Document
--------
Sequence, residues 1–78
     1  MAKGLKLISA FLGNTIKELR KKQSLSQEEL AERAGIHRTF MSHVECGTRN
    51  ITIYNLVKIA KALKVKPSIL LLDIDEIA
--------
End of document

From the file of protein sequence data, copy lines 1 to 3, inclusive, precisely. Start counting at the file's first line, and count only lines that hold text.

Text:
Sequence, residues 1–78
     1  MAKGLKLISA FLGNTIKELR KKQSLSQEEL AERAGIHRTF MSHVECGTRN
    51  ITIYNLVKIA KALKVKPSIL LLDIDEIA